AHEAD OF THE PACK
Exotic ingredients, inspired at the animal farm are the new in
The unglamorous demise of pelt and fur at the altar of political correctness may have ruffled a few feathers but fashion’s critter calls seem to have been answered elsewhere. As nightingale droppings and snake venom replace ass’s milk as the new face of food facials, the multi-billion dollar beauty industry seems to be exploring the tangle of tropical jungle to combat the heat and stress of the urban terrain. With vanity and narcissism as twin pillars of this Holy Grail, youth remains the ultimate elixir and conquering age the final frontier.
For the truly intrepid, slithering snakes are considered strangely soothing to the skin and hence make for a great massage tool. If you’re bored of the usual aromatherapy, heated stones, jade, golf balls accompanied by dulcet elevator music, nudge it up a notch with a snake massage. The idea is to allow your skin to make contact with small snakes that crawl all over it. The treatment is said to help relieve migraines and soothes sore muscles. At Barak’s snake spa in Talmei Elazar, Israel; www.wahanda.com/place/adabaraks-carnivorous-plant-farm/
If injections of live sheep placenta cells are too invasive for you, then try these placenta-based beauty treatments from a Singapore-based company that claim it does wonders for sun and acne-ravaged skin. Excellent for antiaging and cell renewal, its placenta-based products include a tonic, a soap, and facial mask among others. Benefits? From clear skin to brain stimulation. www.maylande.com
NIGHTINGALE EXCREMENT FACIAL
Geishas, traditional Japanese women
entertainers, once wore heavy white makeup containing toxic lead and zinc, which damaged their skin. As an antidote, they applied a face mask containing nightingale droppings. The birds’ poop allegedly contains enzymes that break down dead skin cells, and guanine that gives the complexion a warm glow. The Shizuka New York Day Spa offers a modernised version, in which the droppings are sanitised in ultraviolet light and then mixed with rice bran to exfoliate. The treatment costs $180. http://shizukany.com/services/skin-care /the geisha-facial/
SNAIL SLIME MOISTURISER
Animal secretion as a beauty aid may deter the most zealous narcissist, but the gooey stuff that snails excrete during the course of their travels has industry mavens cooing. Discovered by Chilean snail farmers who were up to their elbows in snail goo each day noticed that their hands were softer and smoother. Enter the snail slime moisturiser. Fortunately, you don't have to book a stay at a Chilean snail farm to benefit. Elicina snail slime moisturiser is available on the brand’s website and many spas now offer snail slime facials as well.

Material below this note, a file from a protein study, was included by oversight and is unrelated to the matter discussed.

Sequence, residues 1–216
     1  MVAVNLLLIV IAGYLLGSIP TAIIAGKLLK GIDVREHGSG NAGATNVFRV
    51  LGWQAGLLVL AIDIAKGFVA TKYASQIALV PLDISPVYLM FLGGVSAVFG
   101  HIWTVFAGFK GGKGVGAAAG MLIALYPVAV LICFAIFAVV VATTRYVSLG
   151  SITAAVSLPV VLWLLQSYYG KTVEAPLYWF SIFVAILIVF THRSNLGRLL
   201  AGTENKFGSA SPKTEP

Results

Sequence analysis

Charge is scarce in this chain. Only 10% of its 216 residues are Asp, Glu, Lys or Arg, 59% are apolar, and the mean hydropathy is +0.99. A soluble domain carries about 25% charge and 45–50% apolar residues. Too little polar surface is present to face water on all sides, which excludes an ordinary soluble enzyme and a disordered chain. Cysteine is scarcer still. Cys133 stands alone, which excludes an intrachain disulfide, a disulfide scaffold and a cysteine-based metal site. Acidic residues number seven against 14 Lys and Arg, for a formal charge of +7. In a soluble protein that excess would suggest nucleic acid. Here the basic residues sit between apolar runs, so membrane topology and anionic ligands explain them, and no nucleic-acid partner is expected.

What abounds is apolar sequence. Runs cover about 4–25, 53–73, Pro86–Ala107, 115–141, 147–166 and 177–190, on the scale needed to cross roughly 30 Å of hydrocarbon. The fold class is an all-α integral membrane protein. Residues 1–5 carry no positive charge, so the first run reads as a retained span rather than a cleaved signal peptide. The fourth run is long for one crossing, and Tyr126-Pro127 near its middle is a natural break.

The thought of leeches sucking blood may hint at medieval, or at least macabre, but with proponents like Hollywood actress Demi Moore, who could question the seemingly loathsome? The leggy lass has admitted to using leeches in her beauty regimen at an Austrian spa where she had leeches applied to her body as a detoxification measure. New York City’s Continuum Center for Health and Healing offers leech treatments for arthritis and other ailments as well for about for $600 a session www.healthandhealingny.org; email@example.com
Whale vomit by any other name would be just as disgusting, but ambergris, is not only an essential ingre-
The Japanese have created a sweet vanilla scent from cow dung in half the processing cost as that from the vanilla bean”
dient in some beauty creams but it’s also added as a fixative in perfumes. A fixative is used mainly to reduce the rate of evaporation of the perfume.
This may sound radical but bull semen is the new wonder stimulant for dull hair and is being used by European salons to enhance natural shine. Spermine, an antioxidant found in sperm, is not just used in fancy salon facials but in hair care products. A Scandinavian company called Skinscience makes an entire line of spermine creams touting the antioxidant as being 30 times stronger than Vitamin E. www.skinscience.com
However, not all ingredients actually moisturise; some like snake venom smooth wrinkles—no botox needed, simply apply the moisturiser that contains the snake venom. The venom paralyses facial nerves similar to botox but without losing the use of facial expressions. So whether you fancy a face mask made with seal oil for soft, blubbery skin or use lipsticks made with cochineal beetles, vanity fare is best served up on the animal farm.
A CAVIAR FACIAL BEING PERFORMED ( ABOVE); THE SLIMY SECRETIONS EMITTED BY THE SNAIL IS USED TO HEAL AND MOISTURISE THE SKIN ( TOP RIGHT)